I am passionate about learning and sharing innovative, evidence-based practices in mental health and have received certifications and trainings from the leading practitioners in the field including world-renowned authorities on Dialectical Behavioral Therapy (DBT)  and Yale Child Study Center’s Eli Lebowitz, Ph.D., the developer of SPACE (Supportive Parenting for Anxious Childhood Emotions). I have completed trainings in “Emotional Dysregulation in Families: Treatment and Support” at the Yale-NEABPD Conference and the QPR Suicide Prevention Gatekeeper Program. You can see a full list of my certifications and trainings here. I earned my bachelor's degree in psychology from Boston University. 

 

My husband and I have three daughters currently in college, high school, and middle school. I was born in Germany, grew up in the U.S., and raised my children in Utah, London, and Zürich before moving to Connecticut in 2013. Having experienced very different parenting environments, I am acutely aware of how a region's parenting culture affects children's emotional well-being.

 

My mission is to talk openly and often about mental health, redefine what it means to be a good parent, and guide parents to discover their power - to transform their lives and bring deep connection and joy back into their families.

 

My Story - How did I get here?

When I was pregnant with my first child, I was pretty confident about being a parent. I had always enjoyed children, had tons of experience babysitting, and was even a nanny one summer. Countless parents would tell me what a great mom I would be someday and how incredible I was with kids.

 

Then my first daughter was born. Her temperament was “tricky” and sensitive from birth. As a new mom, I was vulnerable to the judgement of family and friends and from the get-go, felt like it was my fault that she wanted to be held all the time, wouldn’t stay in a stroller on a walk like all the other babies in my new mom’s group, or just generally needed things differently than other kids.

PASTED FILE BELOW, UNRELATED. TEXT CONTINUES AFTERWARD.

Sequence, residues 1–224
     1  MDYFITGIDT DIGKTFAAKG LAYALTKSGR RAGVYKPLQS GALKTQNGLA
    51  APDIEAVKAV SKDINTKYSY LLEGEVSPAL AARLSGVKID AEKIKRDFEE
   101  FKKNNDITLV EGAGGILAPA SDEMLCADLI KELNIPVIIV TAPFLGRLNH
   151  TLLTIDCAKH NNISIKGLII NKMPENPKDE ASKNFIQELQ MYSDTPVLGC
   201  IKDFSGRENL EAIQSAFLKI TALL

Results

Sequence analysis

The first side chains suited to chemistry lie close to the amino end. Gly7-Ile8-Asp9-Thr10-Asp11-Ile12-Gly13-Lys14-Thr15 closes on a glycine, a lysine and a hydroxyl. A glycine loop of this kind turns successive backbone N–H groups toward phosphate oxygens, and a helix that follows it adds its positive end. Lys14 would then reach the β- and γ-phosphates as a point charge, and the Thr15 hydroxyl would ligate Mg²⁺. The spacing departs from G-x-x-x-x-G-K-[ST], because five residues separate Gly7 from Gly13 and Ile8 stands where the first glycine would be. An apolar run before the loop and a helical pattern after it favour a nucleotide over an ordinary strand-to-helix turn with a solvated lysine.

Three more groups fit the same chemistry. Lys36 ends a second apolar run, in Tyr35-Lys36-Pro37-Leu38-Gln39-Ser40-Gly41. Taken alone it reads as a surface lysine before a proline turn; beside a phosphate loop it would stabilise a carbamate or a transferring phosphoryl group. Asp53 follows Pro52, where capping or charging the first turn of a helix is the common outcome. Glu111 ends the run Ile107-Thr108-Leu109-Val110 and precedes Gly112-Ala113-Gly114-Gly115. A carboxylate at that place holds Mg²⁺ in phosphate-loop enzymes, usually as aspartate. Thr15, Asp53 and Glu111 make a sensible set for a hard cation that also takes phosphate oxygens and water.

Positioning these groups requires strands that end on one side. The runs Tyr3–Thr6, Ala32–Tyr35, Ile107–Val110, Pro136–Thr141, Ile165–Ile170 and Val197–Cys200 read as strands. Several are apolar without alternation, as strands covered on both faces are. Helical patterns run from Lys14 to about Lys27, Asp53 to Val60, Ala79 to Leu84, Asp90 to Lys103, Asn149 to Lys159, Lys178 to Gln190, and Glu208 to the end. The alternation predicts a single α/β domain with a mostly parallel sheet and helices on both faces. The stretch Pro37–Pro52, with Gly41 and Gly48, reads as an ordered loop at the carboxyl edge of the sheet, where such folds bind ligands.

When she was five and was still having tantrums, but her two year old sister wasn’t, I knew I couldn’t be solely blamed and we first sought out professional help.

 

As the years went on, things would be better and we would be hopeful, then suddenly worse, then at some point better again. I could never pinpoint what was working or what wasn’t — it seemed to randomly come and go. Through that time I read countless books on parenting, became more structured and when that didn’t work, less structured, tried stickers charts, reward plans and consequences — and none made a lasting difference and in fact often made things worse.

 

Her behaviour was affecting the entire family and we often felt like prisoners to her needs. When she was just 11, her behaviour became more extreme and looking back that is when her OCD (obsessive compulsive disorder) really took a front seat, a driver’s seat in her life and as a result, our entire family’s lives.